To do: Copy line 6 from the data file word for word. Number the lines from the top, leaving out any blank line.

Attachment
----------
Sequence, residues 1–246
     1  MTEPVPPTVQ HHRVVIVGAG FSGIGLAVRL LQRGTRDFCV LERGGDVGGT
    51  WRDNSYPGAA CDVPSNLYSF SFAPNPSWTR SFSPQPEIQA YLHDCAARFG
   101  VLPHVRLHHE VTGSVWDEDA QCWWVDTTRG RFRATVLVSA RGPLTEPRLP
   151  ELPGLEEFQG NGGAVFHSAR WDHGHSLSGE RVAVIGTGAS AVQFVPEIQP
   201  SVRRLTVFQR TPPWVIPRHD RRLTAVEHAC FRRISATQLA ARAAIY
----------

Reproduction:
   201  SVRRLTVFQR TPPWVIPRHD RRLTAVEHAC FRRISATQLA ARAAIY